Today I shut down the old WordPress MU version of this site by simply logging in through FTP and deleting the directory. Very efficient, but unbeknownst to me, all the images from the old blog posts were still stored inside it. So that means all the images older than last July or so are gone. Sigh. There’s not really any way to get them back, either, and it would take many hours to put them back together (assuming I can even find the source files for most of these), so I’m just going to shrug this one off. Should anyone want to see any of this stuff, just let me know and I’ll attempt to piece it together again. I should have known better, really.
Unfortunately I didn’t keep track of books as I read them, so I had to assemble this list in retrospect. As such, it may be revised as I remember other things. Unreserved recommendations are in bold, but should not be interpreted as slights against other books. As you’ll see, if I’d followed through on my illustration project, I’d have a lot of illustrations now. Maybe next year?
Alexie, Sherman. Indian Killer.
Atwood, Margaret. The Edible Woman.
Banks, Russel. Lost Memory of Skin.
Carver, Raymond. Will You Please Be Quiet, Please? (part)
Davidson, Lionel. Under Plum Lake.
Coupland, Douglas. Player One.
Eggers, Dave. A Heartbreaking Work of Staggering Genius.
Evans, Nicholas. The Brave.
Franzen, Jonathan. Freedom.
Foer, Jonathan Safran. Extremely Loud and Incredibly Close.
Handler, Daniel. Adverbs. (part)
Jin, Ha. Waiting.
Juster, Norton. The Phantom Tollbooth.
Knowles, John. A Separate Peace.
Mamet, David. Oleanna.
Mamet, David. The Old Religion.
Murakami, Haruki. Kafka on the Shore.
Murakami, Haruki. The Wind-Up Bird Chronicle.
Powers, Richard. Galatea 2.2
Russo, Richard. Empire Falls.
Russo, Richard. That Old Cape Magic.
Scott, Joanna. Make Believe.
Shakespeare, William “The Bard.” King Lear.
Snicket, Lemony. The Bad Beginning.
Wolff, Tobias. Our Story Begins. (part)
Yu, Charles. How to Live Safely in a Science Fictional Universe.
Favorite fiction book this year: Empire Falls. This book will keep influencing my work for a long time, I think. Strong sense of place and good character interaction.
Least favorite fiction book this year: Extremely Loud and Incredibly Close. I can’t begin listing the myriad problems with this book. I still can’t believe I read the whole thing. Read Victor Lodato’s Mathilda Savitch instead.
Atwood, Margaret. In Other Worlds. (part)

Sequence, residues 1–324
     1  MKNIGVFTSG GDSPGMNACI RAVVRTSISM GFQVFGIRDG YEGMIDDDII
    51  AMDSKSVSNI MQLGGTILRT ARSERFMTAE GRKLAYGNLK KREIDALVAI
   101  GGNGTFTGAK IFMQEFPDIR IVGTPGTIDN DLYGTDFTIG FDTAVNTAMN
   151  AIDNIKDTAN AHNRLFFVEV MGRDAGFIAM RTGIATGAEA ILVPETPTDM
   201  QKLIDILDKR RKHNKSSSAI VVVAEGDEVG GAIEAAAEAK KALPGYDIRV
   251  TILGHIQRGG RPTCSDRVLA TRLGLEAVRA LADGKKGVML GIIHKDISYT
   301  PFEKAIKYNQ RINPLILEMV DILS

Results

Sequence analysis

Brunetti, Ivan. Cartooning.
Berlioz, Hector. Evenings with the Orchestra. (part)
Decker, Kevin S. et al. Star Trek and Philosophy. (part)
Ehrman, Bart. Misquoting Jesus.
Mauro, James. Twilight at the World of Tomorrow.
Ross, Alex. Listen to This. (part)
Schumacher, Michael. Will Eisner: A Dreamer’s Life in Comics.
Steinberg, Avi. Running the Books.
Favorite non-fiction this year: Twilight at the World of Tomorrow is full of entertaining characters and enthusiasm drawn from the historic 1939 World’s Fair. I really enjoyed it.
Least favorite non-fiction this year: Hector Berlioz’s diatribes against Chinese music in Evenings with the Orchestra. Debussy, a few years later, would find much inspiration in the same stuff Berlioz dismissed out-of-hand. (The book isn’t bad overall though.)
Brunetti, Ivan (ed.). Anthology of Graphic Fiction, Cartoons, and True Stories v. 2.
Clowes, Daniel. Ice Haven.
Clowes, Daniel. Wilson.
Cotter, Joshua W. Skyscrapers of the Midwest.
Eisner, Will. The Contract With God Trilogy.
Herge. Tintin and the Picaros. (read before)
Herge. Tintin: Castafiore Emerald, The. (read before)
Herge. Tintin: Flight 714. (read before)
Herge. Tintin in Tibet. (read before)
Hines, Adam. Duncan the Wonder Dog v. 1.
Karasik, Paul et al. City of Glass.
Mazzuchelli, David. Asterios Polyp. (read before)
Novgorodoff, Danica. Slow Storm.
Ottaviani, Jim et al. Feynman.
Powell, Nate. Any Empire.
Powell, Nate. Swallow Me Whole.
Shaw, Dash. Bottomless Belly Button.
Sikoryak, R. Masterpiece Comics.
Tardi, Jacques. Extraordinary Adventures of Adele Blanc-Sec v. 1.
Thompson, Craig. Blankets.
Thompson, Craig. Habibi.
Thompson, Richard. Cul de Sac Treasury.
Ward, Lynd. Six Novels in Woodcuts v. 1
Ware, Chris. Acme Novelty Library #20 (“Lint”).
Favorite comics this year: Swallow Me Whole. Beautiful art and a haunting story of two children with schizophrenia.
Least favorite comics this year: Slow Storm. Not bad exactly, but the art’s a little muddy and the story kind of disjointed. It’s a debut, though, and Ms. Novgorodoff certainly has potential. Also frustrating: Craig Thompson’s ill-advised epic Habibi.
Size of dot reflects character’s proximity to camera. Orange line indicates the character’s duration within the series. Characters who never appeared on a cover: Stephenson and Ritchie.
Color swatches show basic palette of cover art. Apparently the best way to imitate a Sunrise cover would be to use a lot of gray, a little sky blue, and desaturated colors.
I just set up something really convenient for myself and I have to share it, though it’s somewhat outside of the normal scope of this blog. I use a laptop that’s normally connected to a full-size monitor, so I often have to switch between two different monitor configurations–kind of a hassle. But not anymore, because now I can switch using hotkeys. Here’s how it’s done:
- Get the monitor config tool “ArandR” ($ sudo apt-get install arandr)